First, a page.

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dc.contributor.authorMinor, Jesse
dc.contributor.authorFalk, Donald
dc.contributor.authorBarron-Gafford, Greg
dc.date.accessioned2017-06-23T17:27:41Z
dc.date.available2017-06-23T17:27:41Z
dc.date.issued2017-06-22
dc.identifier.citationFire Severity and Regeneration Strategy Influence Shrub Patch Size and Structure Following Disturbance 2017, 8 (7):221 Forestsen
dc.identifier.issn1999-4907
dc.identifier.doi10.3390/f8070221
dc.identifier.urihttp://hdl.handle.net/10150/624330
dc.description.abstractClimate change is increasing the frequency and extent of high-severity disturbance, with potential to alter vegetation community composition and structure in environments sensitive to tipping points between alternative states. Shrub species display a range of characteristics that promote resistance and resilience to disturbance, and which yield differential post-disturbance outcomes. We investigated differences in shrub patch size and stem density in response to variations in fire severity, vegetation community, and post-disturbance reproductive strategies in Sky Island forested ecosystems in the southwestern United States. Patterns in shrub structure reflect the effects of fire severity as well as differences among species with alternate post-fire reproductive strategies. Increased fire severity correlates with larger patch sizes and greater stem densities; these patterns are observed across multiple fire events, indicating that disturbance legacies can persist for decades. High severity fire produces the largest shrub patches, and variance in shrub patch size increases with severity. High severity fire is likely to promote expansion of shrub species on the landscape, with implications for future community structure. Resprouting species have the greatest variability in patch structure, while seeding species show a strong response to disturbance: resprouting species dominateatlowdisturbanceseverities,andobligateseedersdominatehighseverityareas. Differential post-fire reproductive strategies are likely to generate distinct patterns of vegetation distribution following disturbance, with implications for community composition at various scales. Shrub species demonstrate flexible responses to wildfire disturbance severity that are reflected in shrub patch dynamics at small and intermediate scales.
dc.description.sponsorshipResearch funding was provided by the Coronado National Forest, through the Arizona FireScape program (www.azfirescape.org).en
dc.language.isoenen
dc.publisherMDPIen
dc.relation.urlhttp://www.mdpi.com/1999-4907/8/7/221en
dc.rights© 2017 by the authors. Licensee MDPI, Basel, Switzerland. This article is an open access article distributed under the terms and conditions of the Creative Commons Attribution (CC BY) license (http://creativecommons.org/licenses/by/4.0/).en
dc.subjectecological disturbanceen
dc.subjectMadrean archipelagoen
dc.subjectNorth American Monsoonen
dc.subjectplant structureen
dc.subjectplasticityen
dc.subjectreproductive strategyen
dc.subjectshrubfielden
dc.subjectsproutingen
dc.subjecttipping pointsen
dc.subjectwildfireen
dc.titleFire Severity and Regeneration Strategy Influence Shrub Patch Size and Structure Following Disturbanceen
dc.typeArticleen
dc.contributor.departmentSchool of Geography and Development, University of Arizonaen
dc.contributor.departmentSchool of Natural Resources and the Environment, University of Arizonaen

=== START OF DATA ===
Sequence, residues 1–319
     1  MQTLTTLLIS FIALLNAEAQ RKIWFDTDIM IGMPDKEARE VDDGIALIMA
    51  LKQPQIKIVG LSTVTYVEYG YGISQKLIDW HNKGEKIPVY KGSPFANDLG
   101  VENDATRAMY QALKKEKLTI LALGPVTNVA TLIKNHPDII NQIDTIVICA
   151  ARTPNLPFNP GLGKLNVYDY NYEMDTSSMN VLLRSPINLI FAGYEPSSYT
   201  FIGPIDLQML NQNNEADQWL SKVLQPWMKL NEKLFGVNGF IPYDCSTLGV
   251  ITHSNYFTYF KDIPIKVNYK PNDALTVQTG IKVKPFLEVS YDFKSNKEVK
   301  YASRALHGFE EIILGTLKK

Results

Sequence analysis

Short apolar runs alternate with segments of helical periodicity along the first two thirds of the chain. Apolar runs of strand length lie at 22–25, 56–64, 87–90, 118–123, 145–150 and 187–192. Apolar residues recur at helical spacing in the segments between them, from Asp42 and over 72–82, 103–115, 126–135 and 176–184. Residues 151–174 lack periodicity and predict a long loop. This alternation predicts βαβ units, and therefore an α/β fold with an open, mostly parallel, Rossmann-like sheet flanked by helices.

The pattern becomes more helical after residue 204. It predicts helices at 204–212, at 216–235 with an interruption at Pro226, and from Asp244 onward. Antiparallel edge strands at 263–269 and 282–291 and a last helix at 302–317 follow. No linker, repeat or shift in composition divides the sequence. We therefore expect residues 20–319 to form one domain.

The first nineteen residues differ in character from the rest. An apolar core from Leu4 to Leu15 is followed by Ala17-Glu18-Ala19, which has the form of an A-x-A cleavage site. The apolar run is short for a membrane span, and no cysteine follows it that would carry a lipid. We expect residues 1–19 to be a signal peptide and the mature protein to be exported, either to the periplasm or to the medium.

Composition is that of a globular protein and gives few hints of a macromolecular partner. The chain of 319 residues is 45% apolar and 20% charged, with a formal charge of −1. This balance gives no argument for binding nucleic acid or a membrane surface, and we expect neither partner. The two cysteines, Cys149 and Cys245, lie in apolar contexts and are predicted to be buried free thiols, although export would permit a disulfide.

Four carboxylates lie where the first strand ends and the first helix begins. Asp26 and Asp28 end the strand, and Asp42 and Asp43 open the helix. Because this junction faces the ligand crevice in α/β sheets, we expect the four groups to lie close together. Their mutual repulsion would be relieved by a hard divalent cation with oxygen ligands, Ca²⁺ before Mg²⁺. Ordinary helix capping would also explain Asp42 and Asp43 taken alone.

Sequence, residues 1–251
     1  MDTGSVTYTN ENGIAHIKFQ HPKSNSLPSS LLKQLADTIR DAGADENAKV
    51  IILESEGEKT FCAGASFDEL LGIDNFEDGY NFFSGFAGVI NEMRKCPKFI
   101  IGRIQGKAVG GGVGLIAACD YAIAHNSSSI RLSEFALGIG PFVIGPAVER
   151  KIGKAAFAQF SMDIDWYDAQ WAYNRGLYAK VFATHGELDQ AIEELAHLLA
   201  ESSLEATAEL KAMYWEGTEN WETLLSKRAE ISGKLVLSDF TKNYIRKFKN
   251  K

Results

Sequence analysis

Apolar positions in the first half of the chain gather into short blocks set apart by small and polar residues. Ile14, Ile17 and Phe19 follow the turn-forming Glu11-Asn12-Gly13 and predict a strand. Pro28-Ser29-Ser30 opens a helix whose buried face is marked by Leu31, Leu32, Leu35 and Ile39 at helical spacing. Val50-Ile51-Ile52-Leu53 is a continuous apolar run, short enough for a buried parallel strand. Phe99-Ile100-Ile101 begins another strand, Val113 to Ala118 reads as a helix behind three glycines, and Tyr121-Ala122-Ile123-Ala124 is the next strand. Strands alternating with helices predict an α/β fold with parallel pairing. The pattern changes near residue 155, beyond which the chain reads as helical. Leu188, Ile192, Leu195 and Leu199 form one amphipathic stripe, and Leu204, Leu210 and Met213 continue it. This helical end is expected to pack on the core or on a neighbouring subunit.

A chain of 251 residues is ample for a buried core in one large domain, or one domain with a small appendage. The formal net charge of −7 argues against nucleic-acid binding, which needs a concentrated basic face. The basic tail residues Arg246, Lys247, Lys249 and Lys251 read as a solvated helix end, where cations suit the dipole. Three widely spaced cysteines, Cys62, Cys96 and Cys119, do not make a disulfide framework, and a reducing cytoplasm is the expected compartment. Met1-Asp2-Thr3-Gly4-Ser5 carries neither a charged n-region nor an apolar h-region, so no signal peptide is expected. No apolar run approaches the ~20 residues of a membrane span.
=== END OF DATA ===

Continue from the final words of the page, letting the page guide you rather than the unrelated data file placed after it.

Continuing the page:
dc.identifier.journalForestsen
dc.description.noteOpen Access Journalen
dc.description.collectioninformationThis item from the UA Faculty Publications collection is made available by the University of Arizona with support from the University of Arizona Libraries. If you have questions, please contact us at repository@u.library.arizona.edu.en
dc.eprint.versionFinal published versionen
refterms.dateFOA2018-08-13T22:00:12Z
html.description.abstractClimate change is increasing the frequency and extent of high-severity disturbance, with potential to alter vegetation community composition and structure in environments sensitive to tipping points between alternative states. Shrub species display a range of characteristics that promote resistance and resilience to disturbance, and which yield differential post-disturbance outcomes. We investigated differences in shrub patch size and stem density in response to variations in fire severity, vegetation community, and post-disturbance reproductive strategies in Sky Island forested ecosystems in the southwestern United States. Patterns in shrub structure reflect the effects of fire severity as well as differences among species with alternate post-fire reproductive strategies. Increased fire severity correlates with larger patch sizes and greater stem densities; these patterns are observed across multiple fire events, indicating that disturbance legacies can persist for decades. High severity fire produces the largest shrub patches, and variance in shrub patch size increases with severity. High severity fire is likely to promote expansion of shrub species on the landscape, with implications for future community structure. Resprouting species have the greatest variability in patch structure, while seeding species show a strong response to disturbance: resprouting species dominateatlowdisturbanceseverities,andobligateseedersdominatehighseverityareas. Differential post-fire reproductive strategies are likely to generate distinct patterns of vegetation distribution following disturbance, with implications for community composition at various scales. Shrub species demonstrate flexible responses to wildfire disturbance severity that are reflected in shrub patch dynamics at small and intermediate scales.


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